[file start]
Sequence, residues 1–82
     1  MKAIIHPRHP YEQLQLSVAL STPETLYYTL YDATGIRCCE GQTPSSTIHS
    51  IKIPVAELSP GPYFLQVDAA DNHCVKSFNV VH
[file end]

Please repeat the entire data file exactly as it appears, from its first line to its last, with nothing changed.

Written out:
Sequence, residues 1–82
     1  MKAIIHPRHP YEQLQLSVAL STPETLYYTL YDATGIRCCE GQTPSSTIHS
    51  IKIPVAELSP GPYFLQVDAA DNHCVKSFNV VH